When I moved to Okeechobee in 1986, I registered as a Democrat so I could vote in the primaries. At the time, nearly all of the candidates for local office were registered Democrats and that is where the races were decided. For the first decade I lived in the county, most voters were registered Democrats. At the newspaper, we had a great relationship with the folks who ran the tiny Republican Party at the time and I remember how they took it in good humor when people teased them about holding their meetings in a phone booth.
Other rural areas were also Democratic strongholds. Glades County was once so connected to the Democratic Party that the newspaper was named the “Glades County Democrat.”
Over the years, things started to change. The first Republican elected to local office in Okeechobee County was in 1996. Today, registered Republicans outnumber the Democrats in Okeechobee, and all of the elected Okeechobee County officials are Republicans. Republicans now also outnumber Democrats in Glades and Hendry counties.
Some of the same people who once registered as Democrats so they could vote in the primary have switched to Republican so they could vote in the Republican primary. (Florida now has open primaries if all of the candidates are in the same party, but in some cases the stronger candidates are all in the same political party.)
In the rural counties around the Big Lake, people tell me they “vote for the person,” not the party. In the small communities, much of the time we actually know the local candidates. We can judge for ourselves who they are, what they stand for and whether or not we trust them to run our local government. Party affiliation never mattered as much as that knowledge of the character of the person running for office.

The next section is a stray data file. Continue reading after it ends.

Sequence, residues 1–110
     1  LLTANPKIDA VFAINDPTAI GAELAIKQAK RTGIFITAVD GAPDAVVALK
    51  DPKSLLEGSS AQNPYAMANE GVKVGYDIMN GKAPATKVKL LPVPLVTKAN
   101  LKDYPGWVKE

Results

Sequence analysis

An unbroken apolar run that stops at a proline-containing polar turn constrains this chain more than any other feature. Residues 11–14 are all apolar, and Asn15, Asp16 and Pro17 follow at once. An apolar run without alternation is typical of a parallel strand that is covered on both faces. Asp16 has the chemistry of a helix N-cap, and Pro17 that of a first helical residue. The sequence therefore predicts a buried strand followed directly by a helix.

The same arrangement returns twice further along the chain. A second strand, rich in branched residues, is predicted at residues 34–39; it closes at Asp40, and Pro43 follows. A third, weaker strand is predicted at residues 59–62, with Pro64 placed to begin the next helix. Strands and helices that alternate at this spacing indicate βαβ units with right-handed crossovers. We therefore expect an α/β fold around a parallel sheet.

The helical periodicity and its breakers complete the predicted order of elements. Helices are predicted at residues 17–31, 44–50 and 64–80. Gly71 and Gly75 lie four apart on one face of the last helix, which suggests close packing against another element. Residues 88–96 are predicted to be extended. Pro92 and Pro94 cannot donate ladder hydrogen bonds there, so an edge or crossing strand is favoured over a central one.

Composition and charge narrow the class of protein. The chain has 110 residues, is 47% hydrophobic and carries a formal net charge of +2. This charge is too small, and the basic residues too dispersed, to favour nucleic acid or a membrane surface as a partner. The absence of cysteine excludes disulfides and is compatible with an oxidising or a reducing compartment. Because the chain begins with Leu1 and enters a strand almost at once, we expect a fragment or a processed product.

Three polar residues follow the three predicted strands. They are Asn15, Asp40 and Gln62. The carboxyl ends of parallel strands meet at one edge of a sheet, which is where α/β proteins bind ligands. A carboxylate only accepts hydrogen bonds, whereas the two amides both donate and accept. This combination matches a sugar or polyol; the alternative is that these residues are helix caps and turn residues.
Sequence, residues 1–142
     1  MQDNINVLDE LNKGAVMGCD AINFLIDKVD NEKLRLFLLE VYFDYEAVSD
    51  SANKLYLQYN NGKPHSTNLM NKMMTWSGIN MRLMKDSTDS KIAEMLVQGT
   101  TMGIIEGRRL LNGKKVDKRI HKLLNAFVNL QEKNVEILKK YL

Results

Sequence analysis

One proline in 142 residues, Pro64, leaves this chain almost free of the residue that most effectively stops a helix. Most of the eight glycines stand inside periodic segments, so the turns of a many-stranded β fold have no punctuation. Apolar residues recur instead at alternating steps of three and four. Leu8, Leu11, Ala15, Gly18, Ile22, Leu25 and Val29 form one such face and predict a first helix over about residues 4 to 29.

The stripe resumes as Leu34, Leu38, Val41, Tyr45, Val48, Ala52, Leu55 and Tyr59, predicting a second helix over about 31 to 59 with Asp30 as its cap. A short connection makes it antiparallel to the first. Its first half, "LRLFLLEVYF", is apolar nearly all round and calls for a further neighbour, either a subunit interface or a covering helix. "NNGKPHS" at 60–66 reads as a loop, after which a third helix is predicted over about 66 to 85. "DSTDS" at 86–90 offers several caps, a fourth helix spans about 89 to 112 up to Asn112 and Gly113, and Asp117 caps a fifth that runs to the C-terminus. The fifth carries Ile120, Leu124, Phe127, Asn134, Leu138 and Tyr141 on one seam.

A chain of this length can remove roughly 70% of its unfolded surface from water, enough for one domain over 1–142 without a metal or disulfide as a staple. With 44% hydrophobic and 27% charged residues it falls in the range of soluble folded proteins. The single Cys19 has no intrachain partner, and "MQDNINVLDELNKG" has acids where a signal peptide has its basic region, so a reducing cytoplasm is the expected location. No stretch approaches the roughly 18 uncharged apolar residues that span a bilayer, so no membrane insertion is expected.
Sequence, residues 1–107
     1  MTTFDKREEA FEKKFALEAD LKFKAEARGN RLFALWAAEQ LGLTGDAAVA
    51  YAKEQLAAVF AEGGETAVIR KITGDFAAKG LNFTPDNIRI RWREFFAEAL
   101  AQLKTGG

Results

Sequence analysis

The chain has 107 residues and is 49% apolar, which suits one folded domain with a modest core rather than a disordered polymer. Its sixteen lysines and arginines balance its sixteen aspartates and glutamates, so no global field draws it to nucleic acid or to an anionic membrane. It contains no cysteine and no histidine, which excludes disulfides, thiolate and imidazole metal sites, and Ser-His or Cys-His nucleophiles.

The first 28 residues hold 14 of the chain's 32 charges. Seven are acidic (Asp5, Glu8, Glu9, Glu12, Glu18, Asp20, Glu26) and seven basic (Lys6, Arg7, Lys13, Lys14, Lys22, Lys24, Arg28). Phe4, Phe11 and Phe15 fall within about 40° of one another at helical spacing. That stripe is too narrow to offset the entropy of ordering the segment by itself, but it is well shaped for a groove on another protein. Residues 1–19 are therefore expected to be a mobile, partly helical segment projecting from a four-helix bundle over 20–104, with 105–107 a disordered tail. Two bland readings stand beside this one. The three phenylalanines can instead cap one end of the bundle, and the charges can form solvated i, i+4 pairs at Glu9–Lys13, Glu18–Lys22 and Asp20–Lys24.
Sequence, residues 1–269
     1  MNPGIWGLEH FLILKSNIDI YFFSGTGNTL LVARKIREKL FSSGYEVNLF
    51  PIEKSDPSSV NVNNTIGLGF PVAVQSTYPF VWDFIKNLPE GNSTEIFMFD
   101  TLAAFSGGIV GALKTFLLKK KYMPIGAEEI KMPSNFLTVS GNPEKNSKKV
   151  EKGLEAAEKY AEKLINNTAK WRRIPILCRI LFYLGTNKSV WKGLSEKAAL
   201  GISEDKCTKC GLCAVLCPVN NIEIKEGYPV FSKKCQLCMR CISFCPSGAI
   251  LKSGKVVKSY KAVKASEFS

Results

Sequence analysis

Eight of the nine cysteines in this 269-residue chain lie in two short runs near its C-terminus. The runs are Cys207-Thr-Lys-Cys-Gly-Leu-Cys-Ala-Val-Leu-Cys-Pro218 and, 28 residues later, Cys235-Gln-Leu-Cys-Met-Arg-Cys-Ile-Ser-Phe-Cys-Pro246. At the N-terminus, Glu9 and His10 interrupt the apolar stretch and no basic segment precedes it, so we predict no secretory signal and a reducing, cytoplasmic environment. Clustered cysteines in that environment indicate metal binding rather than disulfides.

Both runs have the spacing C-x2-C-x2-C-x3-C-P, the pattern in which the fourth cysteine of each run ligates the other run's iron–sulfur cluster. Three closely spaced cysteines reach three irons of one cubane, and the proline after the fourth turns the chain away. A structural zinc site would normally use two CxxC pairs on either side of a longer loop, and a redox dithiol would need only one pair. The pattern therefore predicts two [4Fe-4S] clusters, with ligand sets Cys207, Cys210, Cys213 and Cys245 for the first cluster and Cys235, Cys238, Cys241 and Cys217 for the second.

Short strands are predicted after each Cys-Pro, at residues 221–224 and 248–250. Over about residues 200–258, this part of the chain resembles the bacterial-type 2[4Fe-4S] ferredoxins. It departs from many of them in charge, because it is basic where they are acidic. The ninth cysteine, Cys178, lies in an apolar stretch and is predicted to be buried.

There’s a tradition in Okeechobee County that candidates and their supporters stand on the corners of the main intersection of U.S. 441 and State Road 70 and wave at the cars. I always smile and wave back at everyone who waves at me. Whether or not I support their candidate is not the point. I support the community tradition and their efforts to encourage people to vote.
The 2020 election season has been a stressful time, not only due to the COVID-19 pandemic but also due to the hotly contested national election. Even the close-knit rural communities where people have always trusted they could count on each other in times of need are sometimes finding themselves caught up in political ugliness.
Now, more than ever, we need to remember who we are. We can disagree on who to vote for and still be united as a community. We need to remember that the neighbor whose front yard sign promotes the opposition candidate is the same neighbor who was ready to help after a storm. We need to remember that the people feeding the hungry aren’t asking who you plan to vote for. We need to remember the pioneer spirit that has endured through hurricanes, fires, floods and epidemics (now, even a pandemic) as well as through many political campaigns and presidencies.
No matter what happens in the Nov. 3 election, kindness matters. Compassion for each other matters. Coming together after the election to help our communities matters.
Whatever happens, please be kind to each other.